8. Tamales Oaxaqueños (or Tamales Hoja)
Banana leaf-wrapped tamales. They look like South American humitas, but they are the Oaxacan alternative leaf-wrapped tamales. Tamales Oaxaqueños feature similar fillings to the traditional tamale, like frijol (beans) or mole negro. To me, the leaf keeps the moisture in more reliably than the traditional corn husk. And anyhow, it doesn’t get any more beautiful than these.
9. Beer Snacks
The greatest budget travel tip in the world is right here, people. Go to the right bar in Oaxaca, order a beer for around $2 and eat all night for free. They'll just keep bringing out more and more goodies, from fish soup to smoked meats to potato salads to endless bowls of nacho chips. But how, you ask? This is the beer snack antojitos culture in Oaxaca. The place you’re likely to hear about most often is La Red, but our favorite was the rooftop of Rey de Oros (Aldama No. 304 location near Mercado 20 de Noviembre). Our preferred Mexican beer for a night of snacking: Victoria.
10. Carnes Asada (cecina, tasajo or chorizo)
Meat-lovers rejoice. Be certain to check out the pasillo de carnes asadas (grilled meats hall) in Oaxaca’s 20 de Noviembre market. It’s a grilled meat saloon. Although busy every day of the week, it's packed with local families on weekends (especially Sundays).
Pick your meat: tasajo (thinly pounded beef, often air-dried to some extent), cecina (similarly thinly sliced pork), cecina enchilada (dusted with chili powder), and chorizo (Mexican sausage). Vegetarians don’t despair: the roasted vegetables are fabulous, as are the various vegetarian sauces and sides. The stand from which you choose your meat will grill everything for you.
Find a spot (it can be tough!) to sit and wait for your grilled goodies to be delivered to your table. The rest is easy. Kick back, enjoy your food and a take in traditional Oaxaca and an atmosphere of families gathered together to share a meal.
If you are in the Oaxaca area over the weekend check out the Tlacolula Sunday market about 30 minutes outside of Oaxaca and watch the meat get fired up.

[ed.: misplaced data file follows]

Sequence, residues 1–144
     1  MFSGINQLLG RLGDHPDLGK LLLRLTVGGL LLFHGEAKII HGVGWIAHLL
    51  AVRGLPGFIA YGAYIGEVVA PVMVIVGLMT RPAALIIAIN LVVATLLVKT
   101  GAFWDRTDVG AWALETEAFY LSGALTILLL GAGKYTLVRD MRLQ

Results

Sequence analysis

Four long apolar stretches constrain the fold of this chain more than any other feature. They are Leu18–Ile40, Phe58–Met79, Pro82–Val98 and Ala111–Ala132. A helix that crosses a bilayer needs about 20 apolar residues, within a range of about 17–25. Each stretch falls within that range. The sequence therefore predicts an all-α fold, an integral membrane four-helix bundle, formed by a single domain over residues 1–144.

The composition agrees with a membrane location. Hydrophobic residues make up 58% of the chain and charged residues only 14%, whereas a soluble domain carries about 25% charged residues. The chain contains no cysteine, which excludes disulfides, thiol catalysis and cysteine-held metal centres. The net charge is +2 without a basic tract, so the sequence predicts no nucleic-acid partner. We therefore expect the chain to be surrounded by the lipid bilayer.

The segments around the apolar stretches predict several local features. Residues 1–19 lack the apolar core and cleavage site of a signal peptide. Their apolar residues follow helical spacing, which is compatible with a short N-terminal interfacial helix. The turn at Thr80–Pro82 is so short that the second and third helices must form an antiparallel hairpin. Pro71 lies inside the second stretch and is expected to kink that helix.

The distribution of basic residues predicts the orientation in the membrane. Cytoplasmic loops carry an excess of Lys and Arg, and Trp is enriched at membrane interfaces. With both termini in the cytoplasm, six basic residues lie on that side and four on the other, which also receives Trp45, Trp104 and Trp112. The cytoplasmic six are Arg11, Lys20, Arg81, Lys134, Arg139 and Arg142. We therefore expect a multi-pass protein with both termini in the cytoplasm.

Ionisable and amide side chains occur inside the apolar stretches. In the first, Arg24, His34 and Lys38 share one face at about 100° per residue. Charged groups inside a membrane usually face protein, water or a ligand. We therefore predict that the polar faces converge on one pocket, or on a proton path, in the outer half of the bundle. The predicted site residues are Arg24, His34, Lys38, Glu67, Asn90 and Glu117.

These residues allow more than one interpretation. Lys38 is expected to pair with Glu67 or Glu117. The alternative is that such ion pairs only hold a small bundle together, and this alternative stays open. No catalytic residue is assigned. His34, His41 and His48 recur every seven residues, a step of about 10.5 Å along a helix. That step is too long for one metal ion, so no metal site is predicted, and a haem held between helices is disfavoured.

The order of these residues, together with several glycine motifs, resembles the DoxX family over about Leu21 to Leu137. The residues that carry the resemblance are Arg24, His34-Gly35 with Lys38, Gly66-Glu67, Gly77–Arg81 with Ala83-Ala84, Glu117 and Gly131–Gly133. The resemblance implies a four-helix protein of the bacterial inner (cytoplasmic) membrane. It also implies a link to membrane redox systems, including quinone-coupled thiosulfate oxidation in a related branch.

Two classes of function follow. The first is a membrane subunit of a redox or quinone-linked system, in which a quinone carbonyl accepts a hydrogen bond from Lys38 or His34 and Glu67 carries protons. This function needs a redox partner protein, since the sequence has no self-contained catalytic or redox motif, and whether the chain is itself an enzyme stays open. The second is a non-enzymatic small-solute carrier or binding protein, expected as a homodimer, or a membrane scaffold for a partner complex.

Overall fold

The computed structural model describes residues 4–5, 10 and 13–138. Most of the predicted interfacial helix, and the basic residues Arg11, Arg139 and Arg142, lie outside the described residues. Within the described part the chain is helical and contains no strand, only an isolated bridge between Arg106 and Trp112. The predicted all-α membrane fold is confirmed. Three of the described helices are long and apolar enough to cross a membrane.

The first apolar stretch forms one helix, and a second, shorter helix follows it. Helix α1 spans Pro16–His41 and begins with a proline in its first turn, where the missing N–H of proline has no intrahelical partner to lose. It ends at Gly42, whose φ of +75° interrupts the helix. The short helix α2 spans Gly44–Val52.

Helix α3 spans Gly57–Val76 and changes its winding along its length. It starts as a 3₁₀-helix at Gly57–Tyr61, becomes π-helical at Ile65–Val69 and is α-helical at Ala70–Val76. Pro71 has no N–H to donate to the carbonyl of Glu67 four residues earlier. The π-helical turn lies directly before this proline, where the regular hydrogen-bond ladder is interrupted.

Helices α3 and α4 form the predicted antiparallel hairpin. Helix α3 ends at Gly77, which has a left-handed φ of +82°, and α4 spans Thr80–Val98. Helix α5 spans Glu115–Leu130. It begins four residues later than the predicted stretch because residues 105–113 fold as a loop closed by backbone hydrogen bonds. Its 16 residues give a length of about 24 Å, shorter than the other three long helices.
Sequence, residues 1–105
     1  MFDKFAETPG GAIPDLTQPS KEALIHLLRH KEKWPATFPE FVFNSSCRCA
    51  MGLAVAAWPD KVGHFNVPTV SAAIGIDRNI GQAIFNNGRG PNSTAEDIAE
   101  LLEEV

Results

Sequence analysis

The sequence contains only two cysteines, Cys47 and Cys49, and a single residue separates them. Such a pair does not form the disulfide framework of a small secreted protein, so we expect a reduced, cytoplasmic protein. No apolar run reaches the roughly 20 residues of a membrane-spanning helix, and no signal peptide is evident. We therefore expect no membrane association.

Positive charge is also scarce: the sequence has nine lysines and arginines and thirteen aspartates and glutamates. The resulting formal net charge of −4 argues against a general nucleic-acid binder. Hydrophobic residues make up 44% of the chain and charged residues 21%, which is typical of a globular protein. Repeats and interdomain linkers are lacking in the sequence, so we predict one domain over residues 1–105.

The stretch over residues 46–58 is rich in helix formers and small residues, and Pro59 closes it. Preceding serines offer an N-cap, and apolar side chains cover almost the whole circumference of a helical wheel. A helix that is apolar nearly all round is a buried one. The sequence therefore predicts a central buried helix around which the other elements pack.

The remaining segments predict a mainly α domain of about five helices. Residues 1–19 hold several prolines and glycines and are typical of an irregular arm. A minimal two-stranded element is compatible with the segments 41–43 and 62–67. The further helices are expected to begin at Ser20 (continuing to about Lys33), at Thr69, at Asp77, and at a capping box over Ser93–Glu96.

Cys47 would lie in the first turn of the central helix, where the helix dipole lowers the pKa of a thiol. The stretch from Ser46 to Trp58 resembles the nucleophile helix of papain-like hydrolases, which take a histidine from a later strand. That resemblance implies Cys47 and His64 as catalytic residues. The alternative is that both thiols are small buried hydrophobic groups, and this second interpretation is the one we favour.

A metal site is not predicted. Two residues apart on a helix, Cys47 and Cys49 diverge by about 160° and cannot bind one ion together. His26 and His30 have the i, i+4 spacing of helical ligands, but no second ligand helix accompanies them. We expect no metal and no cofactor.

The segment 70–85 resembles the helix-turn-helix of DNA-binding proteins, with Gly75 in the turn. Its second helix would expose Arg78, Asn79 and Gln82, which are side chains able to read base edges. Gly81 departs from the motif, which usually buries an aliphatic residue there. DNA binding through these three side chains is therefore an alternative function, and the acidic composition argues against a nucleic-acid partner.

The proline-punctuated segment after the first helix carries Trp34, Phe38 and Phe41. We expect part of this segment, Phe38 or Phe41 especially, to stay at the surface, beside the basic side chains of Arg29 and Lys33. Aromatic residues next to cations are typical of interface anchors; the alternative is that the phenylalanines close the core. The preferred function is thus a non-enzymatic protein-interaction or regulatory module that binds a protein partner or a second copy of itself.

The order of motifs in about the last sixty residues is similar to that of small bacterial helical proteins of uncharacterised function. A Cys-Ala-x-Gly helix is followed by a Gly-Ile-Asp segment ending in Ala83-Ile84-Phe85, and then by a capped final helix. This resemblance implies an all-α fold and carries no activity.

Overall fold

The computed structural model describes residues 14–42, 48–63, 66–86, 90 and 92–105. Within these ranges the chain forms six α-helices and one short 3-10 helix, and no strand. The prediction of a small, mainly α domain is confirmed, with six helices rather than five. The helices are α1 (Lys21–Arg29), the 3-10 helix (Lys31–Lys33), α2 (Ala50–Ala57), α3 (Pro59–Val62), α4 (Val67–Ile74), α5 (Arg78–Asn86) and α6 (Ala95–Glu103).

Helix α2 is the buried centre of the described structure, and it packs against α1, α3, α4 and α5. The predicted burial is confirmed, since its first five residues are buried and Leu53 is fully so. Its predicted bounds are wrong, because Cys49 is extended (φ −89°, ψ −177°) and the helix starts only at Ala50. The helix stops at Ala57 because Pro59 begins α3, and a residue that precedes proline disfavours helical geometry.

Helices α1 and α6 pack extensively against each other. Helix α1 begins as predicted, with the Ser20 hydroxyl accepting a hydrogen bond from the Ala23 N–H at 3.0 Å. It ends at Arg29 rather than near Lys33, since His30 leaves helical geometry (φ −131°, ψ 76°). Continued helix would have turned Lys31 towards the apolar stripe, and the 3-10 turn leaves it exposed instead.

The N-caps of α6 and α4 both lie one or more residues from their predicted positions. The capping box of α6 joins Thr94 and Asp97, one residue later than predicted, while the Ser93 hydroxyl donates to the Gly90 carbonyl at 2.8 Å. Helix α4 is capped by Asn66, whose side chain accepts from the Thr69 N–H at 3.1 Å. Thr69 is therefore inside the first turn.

11. Goat’s Head Soup
A specialty of the Tlacolula Sunday Market, worth a visit for taste, life and color. Try the goat barbecue (barbacoa) and the goat soup consomme from the drippings. The entire scene is a fiesta.
12. Chile Relleno
Stuffed, roasted fresh poblano peppers. Not native to Oaxaca per se, good rellenos are to be had throughout the various markets in town. What’s even nicer still: some are not dipped and fried in egg batter, but are served naked so you can see the pepper skin and experience the pepper flavor right out front, without the blanket of fried batter.
Mexican turnip or root, sometimes referred to as the Mexican yam. We’d find them served fresh, room temperature or chilled, and crispy as antojitos or snacks, dusted with salt or sugar and chili dust to go alongside a margarita or beer. Our favorite, a somewhat upscale variety we found at La Biznaga García Vigil No. 512.
Not the South American dough pocket empanadas you may be accustomed to, Oaxacan empanadas look a lot like a big memela (but with larger, thinner dough) and are stuffed and warm-roasted on a comal (a large, metal pan used throughout Mexico for cooking tortillas, memelitas, and tlayudas, as well as roasting peppers and other vegetables). Our favorite empanada vendor hails at the local market in San José La Noria neighborhood on Jorge L. Tamayo Castellanos Avenida next to the fire station, but you'll also find a great selection of empanadas cooked up to order at the Tlacolula Sunday market and Mercado 20 de Noviembre.
Tortillas stuffed with quesillo, covered with a tomato-based sauce and topped with fresh cheese. Simple, hearty, good. A common lunch menu item at stalls throughout the 20 de Noviembre market.
Enchiladas, which you’ll find all over Mexico, are simply tortillas pan-fried with a chile sauce and served with some onion and cheese. Sometimes you’ll find them stuffed with meat or cheese, other times spicy tortillas alone. In Oaxaca, you'll usually find enchiladas covered in a traditional Oaxacan mole sauce (see below for more on moles).
Chilaquiles is a dish composed of lightly fried tortilla strips or quarters topped with a wide-ranging regional and local variety of stuff not limited to salsas (green salsa verde seemed most common), meat (e.g., shredded chicken), refried beans, cheese like queso fresco or cotija, Mexican cream, and onions. Maybe even an egg. Typically an early day breakfast, lunch, brunch or somewhere in between offering.
18. Hibiscus Horn Cones
Tortilla horns stuffed with seasoned hibiscus (or jamaica, the same reddish-purple stuff of jamaica agua fresca drink fame). Available at La Biznaga (García Vigil No. 512). A change-up from the traditional.
Oaxaca is also known as the land of the seven moles.
“We always say that our mothers make the best mole. But on the Day of the Dead, everyone shares their mole with everyone else so we all know who really makes the best mole in the village,” Yolanda, our cooking class instructor, explained how proper mole preparation is a highly respected skill.
She continued: “You have to burn the peppers and then soak them to remove the bitter. If you don’t take the bitter out of the chili peppers, people will talk badly of you.”
Talk about social pressure in the kitchen.
But what is a mole anyway? It’s a style of sauce made from roasted ingredients that are then ground together and slow simmered to allow the varied flavors to blend and play off one another in a way that no single ingredient might be detected. The result: rich, complex, diverse, complementary flavors.